When I read Douglassâ??sâ?? descriptions of the violence toward slaves my stomach literally churned and I was sickened. Prior to this book I had never read anything as graphically repulsive as when Douglass described the whipping of Aunt Hester. In the past when I would reflect on slavery, my focus would mostly be on the lack of freedom. I did not think, or in actuality I chose not to reflect, about the extreme violence and the separation of the families. If I had heard an earlier reading when the book was first published, and I lived in a location where slavery did not exist, I might choose not to believe the narrative deeming it too extreme. If I did know that these deplorable conditions actually were taking place in the country in which I had pledge my allegiance, I would be ashamed and I would be motivated to bring about change.
1) The question that I pose is, â??How was Douglass able to lead his life and not become a bitter man?â? If it were me, I would be consumed by my bitterness even as I experienced freedom and became instrumental in helping other slaves become free.
"Eliza Harris" by Frances Ellen Watkins Harper
Like a fawn from the arrow, startled and wild,
A woman swept by us, bearing a child;
In her eye was the night of a settled despair,
And her brow was oâ??ershaded with anguish and care.
She was nearing the riverâ?"in reaching the brink,
She heeded no danger, she paused not to think!
For she is a motherâ?"her child is a slaveâ?"
And sheâ??ll give him his freedom, or find him a grave!
â??Twas a vision to haunt us, that innocent faceâ?"
So pale in its aspect, so fair in its grace;
As the tramp of the horse and the bay of the hound,
With the fetters that gall, were trailing the ground!
She was nerved by despair, and strengthenâ??d by woe,
As she leapâ??d oâ??er the chasms that yawnâ??d from below;
Death howlâ??d in the tempest, and ravâ??d in the blast,
But she heard not the sound till the danger was past.
Oh! how shall I speak of my proud countryâ??s shame?
Of the stains on her glory, how give them their name?
How say that her banner in mockery wavesâ?"
Her â??star-spangled bannerâ?â?"oâ??er millions of slaves?
How say that the lawless may torture and chase
A woman whose crime is the hue of her face?
How the depths of forest may echo around
With the shrieks of despair, and the bay of the hound?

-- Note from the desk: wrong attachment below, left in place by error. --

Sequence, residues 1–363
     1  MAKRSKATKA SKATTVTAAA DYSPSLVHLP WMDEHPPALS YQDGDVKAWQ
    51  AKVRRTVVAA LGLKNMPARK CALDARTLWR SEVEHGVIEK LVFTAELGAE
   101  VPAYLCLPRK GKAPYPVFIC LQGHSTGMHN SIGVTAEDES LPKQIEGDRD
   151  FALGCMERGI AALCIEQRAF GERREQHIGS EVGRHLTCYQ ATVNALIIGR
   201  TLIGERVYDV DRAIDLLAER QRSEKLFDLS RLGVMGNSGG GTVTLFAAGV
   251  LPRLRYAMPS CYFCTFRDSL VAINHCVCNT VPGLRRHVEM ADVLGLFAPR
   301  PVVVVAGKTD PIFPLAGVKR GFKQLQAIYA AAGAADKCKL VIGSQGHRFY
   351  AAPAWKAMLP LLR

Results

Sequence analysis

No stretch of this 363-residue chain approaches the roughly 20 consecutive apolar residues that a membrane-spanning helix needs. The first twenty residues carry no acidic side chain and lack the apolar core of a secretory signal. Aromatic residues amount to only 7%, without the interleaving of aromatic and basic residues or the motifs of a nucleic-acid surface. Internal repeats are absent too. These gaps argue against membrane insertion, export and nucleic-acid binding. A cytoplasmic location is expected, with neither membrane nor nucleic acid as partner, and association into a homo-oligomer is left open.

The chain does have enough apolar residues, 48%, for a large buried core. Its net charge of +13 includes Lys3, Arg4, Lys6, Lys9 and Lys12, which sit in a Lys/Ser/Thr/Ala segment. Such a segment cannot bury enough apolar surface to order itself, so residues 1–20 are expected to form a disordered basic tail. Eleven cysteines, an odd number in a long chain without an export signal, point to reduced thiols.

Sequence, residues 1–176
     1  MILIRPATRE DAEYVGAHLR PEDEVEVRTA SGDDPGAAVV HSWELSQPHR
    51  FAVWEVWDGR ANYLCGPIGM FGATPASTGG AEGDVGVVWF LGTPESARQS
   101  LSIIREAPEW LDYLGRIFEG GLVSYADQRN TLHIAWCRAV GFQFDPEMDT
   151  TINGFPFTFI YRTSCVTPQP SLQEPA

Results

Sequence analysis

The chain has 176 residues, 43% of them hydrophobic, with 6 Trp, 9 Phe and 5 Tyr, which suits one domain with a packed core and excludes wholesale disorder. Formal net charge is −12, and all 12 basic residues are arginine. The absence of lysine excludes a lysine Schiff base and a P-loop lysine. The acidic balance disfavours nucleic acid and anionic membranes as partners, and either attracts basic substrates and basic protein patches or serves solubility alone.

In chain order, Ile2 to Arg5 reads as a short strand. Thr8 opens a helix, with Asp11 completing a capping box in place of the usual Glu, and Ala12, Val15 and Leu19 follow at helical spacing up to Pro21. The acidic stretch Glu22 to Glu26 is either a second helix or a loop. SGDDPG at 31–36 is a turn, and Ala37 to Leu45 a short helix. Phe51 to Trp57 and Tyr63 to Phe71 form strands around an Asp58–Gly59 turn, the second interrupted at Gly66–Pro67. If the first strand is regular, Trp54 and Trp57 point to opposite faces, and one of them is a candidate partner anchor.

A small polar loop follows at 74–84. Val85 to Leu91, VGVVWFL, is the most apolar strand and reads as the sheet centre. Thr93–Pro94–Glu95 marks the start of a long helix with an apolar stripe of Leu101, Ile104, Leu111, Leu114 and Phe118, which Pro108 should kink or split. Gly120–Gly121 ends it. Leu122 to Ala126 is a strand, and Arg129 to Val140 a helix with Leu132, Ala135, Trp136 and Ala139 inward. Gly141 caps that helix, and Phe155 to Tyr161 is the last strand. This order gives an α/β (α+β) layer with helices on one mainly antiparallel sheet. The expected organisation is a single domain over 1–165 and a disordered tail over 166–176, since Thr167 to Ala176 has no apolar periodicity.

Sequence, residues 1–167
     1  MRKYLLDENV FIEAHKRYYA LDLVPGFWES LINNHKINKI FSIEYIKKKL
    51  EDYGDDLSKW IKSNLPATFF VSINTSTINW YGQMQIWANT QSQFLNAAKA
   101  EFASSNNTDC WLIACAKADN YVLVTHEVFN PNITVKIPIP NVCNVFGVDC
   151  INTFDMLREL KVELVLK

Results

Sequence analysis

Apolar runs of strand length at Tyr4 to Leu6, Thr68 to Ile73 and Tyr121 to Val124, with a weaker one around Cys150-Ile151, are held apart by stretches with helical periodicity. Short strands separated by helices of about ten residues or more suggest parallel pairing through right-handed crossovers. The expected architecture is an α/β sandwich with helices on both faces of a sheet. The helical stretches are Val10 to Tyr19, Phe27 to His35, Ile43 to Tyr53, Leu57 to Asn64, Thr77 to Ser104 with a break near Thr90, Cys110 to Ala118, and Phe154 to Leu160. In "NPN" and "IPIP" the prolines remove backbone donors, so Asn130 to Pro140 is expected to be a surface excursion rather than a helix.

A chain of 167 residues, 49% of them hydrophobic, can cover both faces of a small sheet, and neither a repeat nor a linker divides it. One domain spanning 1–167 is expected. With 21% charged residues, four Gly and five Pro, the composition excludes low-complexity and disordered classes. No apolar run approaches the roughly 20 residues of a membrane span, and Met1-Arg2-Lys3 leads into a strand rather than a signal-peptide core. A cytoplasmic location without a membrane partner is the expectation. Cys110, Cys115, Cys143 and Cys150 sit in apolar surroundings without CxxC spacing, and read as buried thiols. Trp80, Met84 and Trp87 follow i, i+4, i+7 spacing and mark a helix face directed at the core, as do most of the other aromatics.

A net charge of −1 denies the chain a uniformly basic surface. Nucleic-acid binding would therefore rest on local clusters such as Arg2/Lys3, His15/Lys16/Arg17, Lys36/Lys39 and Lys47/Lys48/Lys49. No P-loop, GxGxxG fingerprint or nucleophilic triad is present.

With her step on the ice, and her arm on her child,
The danger was fearful, the pathway was wild;
But, aided by Heaven, she gained a free shore,
Where the friends of humanity openâ??d their door.
So fragile and lovely, so fearfully pale,
Like a lily that bends to the breath of the gale,
Save the heave of her breast, and the sway of her hair,
Youâ??d have thought her a statue of fear and despair.
In agony close to her bosom she pressâ??d
The life of her heart, the child of her breast:â?"
Oh! love from its tenderness gathering might,
Had strengthenâ??d her soul for the dangers of flight.
But sheâ??s free!â?"yes, free from the land where the slave
From the hand of oppression must rest in the grave;
Where bondage and torture, where scourges and chains
Have placâ??d on our banner indelible stains.
The bloodhounds have missâ??d the scent of her way;
The hunter is rifled and foilâ??d of his prey;
Fierce jargon and cursing, with clanking of chains,
Make sounds of strange discord on Libertyâ??s plains.
With the rapture of love and fullness of bliss,
She placâ??d on his brow a motherâ??s fond kiss:â?"
Oh! poverty, danger and death she can brave,
For the child of her love is no longer a slave!
2) With regard to Harper's poem (above), my question is this: What element in this poem is the most effective at getting its theme across to readers? How does this element achieve this?
I have read many inspirational quotes by Frederick Douglas, but in my opinion, the quote that best summarizes his will to live is one of his shortest, "The soul that is within me no man can degrade."
This simple quote shows that Douglas had self respect. He understood that as long as he respected himself, he could never be brought down by other people. No matter what he endured, and no matter what horrors he saw, Frederick Douglas would remain true to himself because he ...
Frederick Douglass' parallels with Harper's poems are demonstrated. Textual evidence is applied.